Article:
“Church Autonomy and the corpus mysticum Tradition” by Edward A. David

This article is part of our “Religious Corporations and the Law” series.If you’d like to check out other articles in this series, click here. Churches can be forgiven for describing themselves, like any other civil society organization, as “voluntary.” This Lockean portrayal, after all, dominates the American political imagination. But an exclusive or even primary

“Why do restrictions on religious attendance cause ‘irreparable harm’? A Catholic reflection on Diocese of Brooklyn v. Cuomo”

This article is part of our “Law and Religion Under Pressure: A One-Year Pandemic Retrospective” series.If you’d like to check out other articles in this series, click here. In Diocese of Brooklyn v. Cuomo (2020), the U.S. Supreme Court held that New York’s religious-attendance restrictions “would lead to irreparable injury” to religious communities and, if enjoined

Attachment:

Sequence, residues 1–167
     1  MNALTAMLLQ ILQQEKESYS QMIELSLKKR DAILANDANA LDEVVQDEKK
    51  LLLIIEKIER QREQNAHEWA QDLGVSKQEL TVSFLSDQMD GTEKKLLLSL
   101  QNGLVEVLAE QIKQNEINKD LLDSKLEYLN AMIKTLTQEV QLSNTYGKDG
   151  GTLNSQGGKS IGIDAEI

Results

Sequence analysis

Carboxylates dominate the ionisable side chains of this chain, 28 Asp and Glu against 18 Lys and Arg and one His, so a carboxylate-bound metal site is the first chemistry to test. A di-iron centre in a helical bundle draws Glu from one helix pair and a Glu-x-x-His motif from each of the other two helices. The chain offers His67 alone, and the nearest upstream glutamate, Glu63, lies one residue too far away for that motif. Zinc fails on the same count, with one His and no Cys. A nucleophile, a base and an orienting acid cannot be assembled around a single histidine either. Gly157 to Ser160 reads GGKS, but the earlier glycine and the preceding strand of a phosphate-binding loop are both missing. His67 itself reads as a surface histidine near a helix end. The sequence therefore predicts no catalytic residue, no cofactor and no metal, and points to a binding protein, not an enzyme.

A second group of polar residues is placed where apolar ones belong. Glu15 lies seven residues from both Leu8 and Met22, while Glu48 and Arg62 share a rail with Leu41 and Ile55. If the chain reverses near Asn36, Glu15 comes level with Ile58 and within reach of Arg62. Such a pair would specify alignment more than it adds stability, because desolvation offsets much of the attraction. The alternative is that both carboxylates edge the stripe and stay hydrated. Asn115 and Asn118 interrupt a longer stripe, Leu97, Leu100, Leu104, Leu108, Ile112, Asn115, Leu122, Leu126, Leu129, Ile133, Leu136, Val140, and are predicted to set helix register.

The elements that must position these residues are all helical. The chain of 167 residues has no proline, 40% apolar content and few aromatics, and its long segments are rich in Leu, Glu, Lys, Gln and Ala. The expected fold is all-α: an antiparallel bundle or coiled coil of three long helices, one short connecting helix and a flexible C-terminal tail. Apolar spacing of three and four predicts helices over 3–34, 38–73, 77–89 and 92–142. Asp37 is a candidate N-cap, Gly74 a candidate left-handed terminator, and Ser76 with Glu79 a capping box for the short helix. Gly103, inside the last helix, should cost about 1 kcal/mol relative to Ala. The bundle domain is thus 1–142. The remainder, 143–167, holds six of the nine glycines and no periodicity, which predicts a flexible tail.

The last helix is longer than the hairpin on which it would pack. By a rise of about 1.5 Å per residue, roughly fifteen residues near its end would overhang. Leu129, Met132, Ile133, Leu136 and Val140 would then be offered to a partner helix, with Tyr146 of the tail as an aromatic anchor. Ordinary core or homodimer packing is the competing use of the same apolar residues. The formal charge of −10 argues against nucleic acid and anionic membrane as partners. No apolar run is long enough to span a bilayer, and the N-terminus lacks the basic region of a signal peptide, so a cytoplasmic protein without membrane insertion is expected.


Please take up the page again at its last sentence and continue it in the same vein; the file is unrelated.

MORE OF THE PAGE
“Extracting Our Abstractions: Why We Need a Christian Approach to Corporate Religious Liberty” by Edward A. David

A Christian Approach to Corporate Religious LibertyEdward A. David Extracting Our Abstractions: Why We Need a Christian Approach to Corporate Religious LibertyAn Introduction by Edward A. David Pointing to the polarization that surrounds disputes like Burwell v. Hobby Lobby Stores, Inc. (2014), A Christian Approach to Corporate Religious Liberty argues that such cases need not involve